The issuers of stablecoin: the 18th largest holder of US debt

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The issuers of stablecoin are a significant source of demand for United States (USA) Treasury securities, ranking 18th as the largest holder of US debt.

This phenomenon highlights the growing role of stablecoin in the global economy. Furthermore, it raises new concerns regarding the management of debt by the Washington government. Let’s see all the details below.

The growing concerns about Washington’s (USA) debt management and the growth of stablecoin 

As anticipated, the issuers of stablecoin emerge as a source of demand for United States Treasury securities. Meanwhile, concerns about Washington’s debt management are growing.

According to the data from Tagus Capital, issuers now cumulatively hold more than 120 billion dollars in United States Treasury securities.

This makes them the 18th largest holder of U.S. debt in the world, ahead of nations like Germany and South Korea. 

Tether, the issuer of USDT, the main cryptocurrency in the world pegged to the dollar by market value, holds alone about 91 billion dollars in Treasury.

Circle, the issuer of USDC, holds short-term U.S. debt, including repurchase agreements. This amounts to 29 billion dollars, according to Tagus Capital.

The legislation on stablecoin is among the cryptocurrency bills closest to becoming law in the United States.

Hopes remain alive that Congress will approve a new law on stablecoins before this year’s elections.

Doubts about the law on stablecoin

In April, Patrick McHenry, a key member of Congress, demonstrated optimism regarding the fact that the United States would pass a law on stablecoin by the end of the year.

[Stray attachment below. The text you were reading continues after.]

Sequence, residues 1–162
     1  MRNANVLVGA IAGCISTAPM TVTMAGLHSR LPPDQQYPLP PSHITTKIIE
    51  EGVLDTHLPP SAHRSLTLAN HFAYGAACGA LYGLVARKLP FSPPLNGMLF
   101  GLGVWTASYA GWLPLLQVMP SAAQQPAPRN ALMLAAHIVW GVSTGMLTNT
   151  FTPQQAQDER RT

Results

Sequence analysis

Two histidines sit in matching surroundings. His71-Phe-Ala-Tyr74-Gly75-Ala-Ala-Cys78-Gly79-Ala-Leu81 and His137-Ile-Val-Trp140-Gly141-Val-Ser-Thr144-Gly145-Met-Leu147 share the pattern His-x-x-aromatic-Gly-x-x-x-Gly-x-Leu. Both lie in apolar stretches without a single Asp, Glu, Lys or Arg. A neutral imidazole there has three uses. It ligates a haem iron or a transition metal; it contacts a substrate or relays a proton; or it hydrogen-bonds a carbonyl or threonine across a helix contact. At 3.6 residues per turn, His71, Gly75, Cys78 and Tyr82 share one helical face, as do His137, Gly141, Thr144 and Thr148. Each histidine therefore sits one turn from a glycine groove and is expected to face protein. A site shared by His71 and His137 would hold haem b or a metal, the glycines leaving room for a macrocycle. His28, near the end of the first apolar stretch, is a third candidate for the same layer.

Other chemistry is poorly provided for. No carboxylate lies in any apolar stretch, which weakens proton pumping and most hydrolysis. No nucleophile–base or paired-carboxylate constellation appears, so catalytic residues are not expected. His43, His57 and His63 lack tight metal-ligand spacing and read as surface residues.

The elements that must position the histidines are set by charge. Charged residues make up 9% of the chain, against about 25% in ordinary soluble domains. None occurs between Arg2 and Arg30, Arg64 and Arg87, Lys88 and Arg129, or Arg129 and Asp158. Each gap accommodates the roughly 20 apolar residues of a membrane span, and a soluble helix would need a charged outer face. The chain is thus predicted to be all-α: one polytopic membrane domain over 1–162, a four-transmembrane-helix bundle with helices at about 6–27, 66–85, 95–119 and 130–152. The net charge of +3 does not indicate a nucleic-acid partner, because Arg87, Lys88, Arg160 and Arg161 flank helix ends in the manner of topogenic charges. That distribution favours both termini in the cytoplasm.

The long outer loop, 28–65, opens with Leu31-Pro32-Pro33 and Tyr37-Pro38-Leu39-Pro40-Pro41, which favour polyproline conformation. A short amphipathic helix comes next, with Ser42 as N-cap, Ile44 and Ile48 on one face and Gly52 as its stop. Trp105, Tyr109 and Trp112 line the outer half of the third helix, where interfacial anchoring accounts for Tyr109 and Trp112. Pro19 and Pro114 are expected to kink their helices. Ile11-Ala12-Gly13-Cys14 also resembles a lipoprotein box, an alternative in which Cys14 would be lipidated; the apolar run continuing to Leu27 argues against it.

However, the attempts to include a regulation of stablecoin in an unrelated reauthorization bill have failed. 

McHenry stated that “we are so close on this, we just need a legislative calendar, so we can bring things to the finish line in the Senate.” 

Tom Emmer, Majority Whip in the House of Representatives, suggested that the ‘lame duck session’ could be the opportune moment to attach legislation to a bill that must be passed. 

We remind that the lame duck session occurs in the transition period after the elections, before the elected president takes office in January 2025.

Increasing public debt and concerns

The public debt of the United States has surpassed the threshold of 34 trillion dollars at the beginning of this year and has grown rapidly, increasing by about 1 trillion dollars every 100 days.

It is expected that interest payments on the debt, also known as the cost of servicing the debt, will reach 892 billion dollars in 2024. The growing debt has prompted the Treasury to increase bond supplies from 2023.

On Tuesday, the Congressional Budget Office stated that the national debt could reach 50 trillion dollars by 2034. This would be equivalent to 122% of the annual economic output.

At the beginning of this year, COB warned that the growing concerns about debt could lead to a Liz-Truss style market chaos. Characterized therefore by the sharp drop in the US dollar and political uncertainty.

Cryptocurrency experts have long echoed a similar sentiment. In particular, stating that concerns about debt and the loss of confidence in Treasuries could stimulate the widespread adoption of alternative assets like Bitcoin and gold.

The issuers of stablecoin are therefore in a position of growing relevance in the global financial landscape.

Influencing therefore not only the cryptocurrency market, but also the traditional financial markets and the management of the United States public debt.

In other words, their continuous expansion and the evolution of regulation will be crucial themes to follow in the coming years.